[show abstract][hide abstract] ABSTRACT: Inhaled anticholinergics as single agent bronchodilators (or in combination with beta(2)-agonists) are one of the several medications available for the treatment of acute asthma in children.
To determine the effectiveness of only inhaled anticholinergic drugs (i.e. administered alone), compared to a control in children over the age of two years with acute asthma.
The Cochrane Register of Controlled Trials (CENTRAL), and the Cochrane Airways Group Register of trials were searched by the Cochrane Airways Group. The latest search was performed in April 2011.
We included only randomised controlled trials (RCTs) in which inhaled anticholinergics were given as single therapy and compared with placebo or any other drug or drug combinations for children over the age of two years with acute asthma.
Two authors independently selected trials, extracted data and assessed trial quality.
Six studies met the inclusion criteria but were limited by small sample sizes, various treatment regimes used and outcomes assessed. The studies were overall of unclear quality. Data could only be pooled for the outcomes of treatment failure and hospitalisation. Other data could not be combined due to divergent outcome measurements. Meta-analysis revealed that children who received anticholinergics alone were significantly more likely to have treatment failure compared to those who received beta(2)-agonists from four trials on 171 children (odds ratio (OR) 2.27; 95% CI 1.08 to 4.75). Also, treatment failure on anticholinergics alone was more likely than when anticholinergics were combined with beta(2)-agonists from four trials on 173 children (OR 2.65; 95% CI 1.2 to 5.88). Data on clinical scores/symptoms that were measured on different scales were conflicting. Individual trials reported that lung function was superior in the combination group when compared with anticholinergic agents used alone. The use of anticholinergics was not found to be associated with significant side effects.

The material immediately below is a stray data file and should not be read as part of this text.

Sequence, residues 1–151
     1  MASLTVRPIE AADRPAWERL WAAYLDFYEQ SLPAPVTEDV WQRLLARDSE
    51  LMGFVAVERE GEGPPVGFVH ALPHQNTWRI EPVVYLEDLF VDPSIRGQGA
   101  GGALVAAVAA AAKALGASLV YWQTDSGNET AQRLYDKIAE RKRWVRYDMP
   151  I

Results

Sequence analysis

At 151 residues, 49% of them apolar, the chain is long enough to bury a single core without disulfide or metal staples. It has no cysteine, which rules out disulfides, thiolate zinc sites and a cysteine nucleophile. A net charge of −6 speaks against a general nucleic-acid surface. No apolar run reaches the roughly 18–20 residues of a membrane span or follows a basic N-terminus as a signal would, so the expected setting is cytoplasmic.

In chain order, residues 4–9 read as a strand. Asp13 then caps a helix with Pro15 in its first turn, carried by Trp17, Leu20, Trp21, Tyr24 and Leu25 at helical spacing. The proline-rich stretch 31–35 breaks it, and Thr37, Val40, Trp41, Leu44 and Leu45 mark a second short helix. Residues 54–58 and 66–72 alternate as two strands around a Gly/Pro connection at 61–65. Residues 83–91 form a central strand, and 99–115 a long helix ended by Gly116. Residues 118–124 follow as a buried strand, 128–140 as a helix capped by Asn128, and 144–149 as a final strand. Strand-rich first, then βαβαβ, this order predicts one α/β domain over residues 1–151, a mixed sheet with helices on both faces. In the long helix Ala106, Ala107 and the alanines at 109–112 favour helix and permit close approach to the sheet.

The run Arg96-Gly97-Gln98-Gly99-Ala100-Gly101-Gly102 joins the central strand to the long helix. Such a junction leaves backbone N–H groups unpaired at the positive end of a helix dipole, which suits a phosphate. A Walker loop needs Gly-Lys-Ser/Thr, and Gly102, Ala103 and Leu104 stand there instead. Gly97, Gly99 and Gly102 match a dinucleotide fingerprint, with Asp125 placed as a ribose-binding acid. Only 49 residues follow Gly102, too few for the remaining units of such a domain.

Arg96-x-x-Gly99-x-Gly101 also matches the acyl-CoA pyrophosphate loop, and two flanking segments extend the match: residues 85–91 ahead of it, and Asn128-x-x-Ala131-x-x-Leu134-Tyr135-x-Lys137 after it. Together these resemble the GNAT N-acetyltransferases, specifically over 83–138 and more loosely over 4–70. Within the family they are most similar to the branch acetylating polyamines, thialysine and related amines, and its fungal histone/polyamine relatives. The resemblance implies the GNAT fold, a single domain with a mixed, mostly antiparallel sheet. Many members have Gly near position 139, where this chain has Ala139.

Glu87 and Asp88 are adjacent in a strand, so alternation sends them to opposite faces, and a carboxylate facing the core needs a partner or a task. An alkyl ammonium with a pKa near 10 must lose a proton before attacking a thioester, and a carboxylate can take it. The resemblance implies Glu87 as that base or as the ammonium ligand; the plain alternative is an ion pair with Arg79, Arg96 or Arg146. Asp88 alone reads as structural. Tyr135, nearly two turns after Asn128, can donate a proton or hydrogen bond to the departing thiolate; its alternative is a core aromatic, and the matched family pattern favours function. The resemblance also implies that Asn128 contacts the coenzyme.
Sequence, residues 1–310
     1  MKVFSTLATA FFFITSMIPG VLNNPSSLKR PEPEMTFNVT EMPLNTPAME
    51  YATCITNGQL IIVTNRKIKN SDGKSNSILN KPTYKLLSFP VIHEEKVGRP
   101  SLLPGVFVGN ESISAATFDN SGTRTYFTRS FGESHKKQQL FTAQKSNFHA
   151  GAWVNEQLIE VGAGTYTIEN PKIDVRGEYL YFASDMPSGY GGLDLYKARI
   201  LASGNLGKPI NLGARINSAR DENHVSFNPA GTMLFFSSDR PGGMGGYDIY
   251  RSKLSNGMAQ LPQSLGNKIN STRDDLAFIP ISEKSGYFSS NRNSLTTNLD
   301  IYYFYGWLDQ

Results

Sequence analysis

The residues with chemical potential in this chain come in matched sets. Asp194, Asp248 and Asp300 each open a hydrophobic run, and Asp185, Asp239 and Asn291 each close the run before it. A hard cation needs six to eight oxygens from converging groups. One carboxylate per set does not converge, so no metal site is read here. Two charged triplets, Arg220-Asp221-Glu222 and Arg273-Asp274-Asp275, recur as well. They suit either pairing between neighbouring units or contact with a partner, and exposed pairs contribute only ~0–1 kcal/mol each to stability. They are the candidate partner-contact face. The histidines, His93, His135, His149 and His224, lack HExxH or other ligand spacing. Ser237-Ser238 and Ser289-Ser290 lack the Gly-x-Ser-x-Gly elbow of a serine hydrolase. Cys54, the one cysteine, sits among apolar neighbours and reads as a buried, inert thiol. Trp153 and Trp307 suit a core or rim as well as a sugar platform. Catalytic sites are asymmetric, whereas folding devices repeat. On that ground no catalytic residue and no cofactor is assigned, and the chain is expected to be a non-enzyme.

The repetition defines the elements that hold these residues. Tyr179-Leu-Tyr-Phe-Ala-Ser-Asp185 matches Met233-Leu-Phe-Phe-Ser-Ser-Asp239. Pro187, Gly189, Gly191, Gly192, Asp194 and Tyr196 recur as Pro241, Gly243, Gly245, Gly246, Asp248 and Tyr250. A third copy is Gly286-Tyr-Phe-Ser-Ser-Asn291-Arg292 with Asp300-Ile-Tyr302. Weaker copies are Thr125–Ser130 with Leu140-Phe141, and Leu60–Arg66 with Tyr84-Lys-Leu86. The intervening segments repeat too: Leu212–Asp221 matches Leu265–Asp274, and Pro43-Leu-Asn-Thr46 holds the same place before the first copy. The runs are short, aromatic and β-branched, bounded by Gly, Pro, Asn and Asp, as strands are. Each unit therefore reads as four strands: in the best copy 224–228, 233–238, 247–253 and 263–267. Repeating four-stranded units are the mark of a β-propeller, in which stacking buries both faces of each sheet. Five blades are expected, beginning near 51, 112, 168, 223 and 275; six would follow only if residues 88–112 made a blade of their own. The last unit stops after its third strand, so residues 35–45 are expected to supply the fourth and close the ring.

In children over the age of two years with acute asthma exacerbations, inhaled anticholinergics as single agent bronchodilators were less efficacious than beta(2)-agonists. Inhaled anticholinergics were also less efficacious than inhaled anticholinergics combined with beta(2)-agonists. Inhaled anticholinergic drugs alone are not appropriate for use as a single agent in children with acute asthma exacerbations.
[show abstract][hide abstract] ABSTRACT: Childhood obstructive sleep apnoea (OSA) is a disorder that is characterised by repeated episodes of partial or complete upper airway obstruction (UAO) during sleep that result in disruption of normal ventilation and sleep patterns. Chronic cough in children is a significant medical problem and in some situations warrants thorough investigation. There may be an association between chronic cough and OSA as suggested in adult studies.
To evaluate the efficacy of treatment of OSA leading to the resolution of cough in the management of children with chronic cough.
We searched the Cochrane Register of Controlled Trials (CENTRAL, The Cochrane Library), MEDLINE and EMBASE. The latest search was performed in September 2010.
All randomised controlled trials comparing an intervention for OSA to a control group (placebo or usual treatment) in children with chronic cough.
We reviewed the search results against the pre-determined criteria for inclusion. Two review authors independently selected the studies. No eligible trials were identified and thus no data were available for analysis.
We found no randomised controlled trials that examined the efficacy of treatment of OSA in the management of children with chronic cough.
There is currently no evidence that therapies directed for OSA are useful for the management of chronic cough in children. Until further evidence is available, OSA should be managed on its own merits and the presence or absence of cough should not be used as a decision trigger. Further research examining the effects of this intervention is needed.